Lesson 2

Greetings, programming enthusiast! In this unit, we're embarking on a thrilling numerical quest, where unidentified bridges connect the islands of data. On these bridges, we'll see hashes and bins, all converging into sets! Throughout our journey, we'll utilize the fundamental concepts of **JavaScript arrays and sets** to formulate an optimal solution. So, fasten your seatbelt and get ready to solve problems!

The task for this unit is to devise a JavaScript function that accepts two arrays containing unique integers and returns another array containing the elements common to both input arrays. This task provides an intriguing perspective on deriving similarities between two data sequences, a scenario commonly encountered in data comparisons and analytics.

For illustration, suppose we're given two arrays:

JavaScript`1const list1 = [1, 2, 3, 5, 8, 13, 21, 34]; 2const list2 = [2, 3, 5, 7, 13, 21, 31];`

The `commonElements(list1, list2)`

function should comb through these arrays of integers and extract the common elements between them.

The expected outcome in this case should be:

JavaScript`1const result = [2, 3, 5, 13, 21];`

Before we delve into the optimized solution, it is instrumental to consider a basic or naïve approach to this problem and analyze its complexity. Often, our first intuitive approach is to iterate over both arrays in nested loops and find common elements. This way, for each element in the first array, we check for its presence in the second array. If it's found, it is added to our result array. Let's see how such a solution would look:

JavaScript`1function commonElementsSlow(list1, list2) { 2 const common = []; // Array to store common elements 3 for (let num1 of list1) { 4 for (let num2 of list2) { 5 if (num1 === num2) { 6 common.push(num1); 7 break; // Break inner loop as we found the number in list2 8 } 9 } 10 } 11 return common; 12} 13 14const list1 = [1, 2, 3, 5, 8, 13, 21, 34]; 15const list2 = [2, 3, 5, 7, 13, 21, 31]; 16const result = commonElementsSlow(list1, list2); 17console.log(result); // Prints: [2, 3, 5, 13, 21]`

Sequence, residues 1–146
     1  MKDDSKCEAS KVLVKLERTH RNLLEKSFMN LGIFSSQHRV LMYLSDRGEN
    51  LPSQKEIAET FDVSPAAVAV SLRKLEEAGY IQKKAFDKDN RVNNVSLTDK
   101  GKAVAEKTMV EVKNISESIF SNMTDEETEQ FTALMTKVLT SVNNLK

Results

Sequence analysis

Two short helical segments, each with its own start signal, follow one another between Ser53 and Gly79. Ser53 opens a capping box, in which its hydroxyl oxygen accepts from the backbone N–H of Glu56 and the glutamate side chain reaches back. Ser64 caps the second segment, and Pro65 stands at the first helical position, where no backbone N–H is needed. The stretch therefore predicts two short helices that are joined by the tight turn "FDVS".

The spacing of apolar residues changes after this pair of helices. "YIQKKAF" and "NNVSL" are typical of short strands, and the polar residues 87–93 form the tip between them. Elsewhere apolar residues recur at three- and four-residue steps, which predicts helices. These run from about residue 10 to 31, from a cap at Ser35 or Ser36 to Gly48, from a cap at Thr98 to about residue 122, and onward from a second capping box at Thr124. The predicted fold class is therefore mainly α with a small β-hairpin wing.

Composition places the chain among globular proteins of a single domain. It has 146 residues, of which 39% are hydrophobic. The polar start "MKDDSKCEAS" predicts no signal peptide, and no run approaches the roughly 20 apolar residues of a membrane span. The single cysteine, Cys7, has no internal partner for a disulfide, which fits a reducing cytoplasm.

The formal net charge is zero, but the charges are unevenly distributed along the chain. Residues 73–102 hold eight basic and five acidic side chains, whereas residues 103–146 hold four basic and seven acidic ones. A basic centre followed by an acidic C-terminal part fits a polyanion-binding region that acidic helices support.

However, the problem with this approach lies in its efficiency. Given that the worst-case scenario has us traversing through every element in both arrays, we refer to this as an `O(n * m)`

solution, where `n`

and `m`

represent the number of elements in `list1`

and `list2`

, respectively. For large arrays, this iterative approach tends to be inefficient and slow, making it a less desirable solution for this problem.

The solution we aim to implement in the following section utilizes the `Set`

data structure to optimize our algorithm and reach a solution in markedly less computational time.

Since efficiency is a concern in our previous approach, we want to reduce the time complexity by minimizing the number of operations we perform to reach a solution. The **JavaScript** `Set`

comes to our rescue here.

`Set`

internally uses hash tables, which allow operations like *insertion*, *removal*, and *search* to be performed in average constant time, i.e., `O(1)`

. This provides a significant performance boost compared to the nested loop approach. Our overall time complexity will be reduced to `O(n + m)`

for traversing both arrays and storing their elements into `Set`

s.

Let's proceed to build this optimized solution in the next section.

The initial step in crafting our solution is to transform one of these arrays into a JavaScript `Set`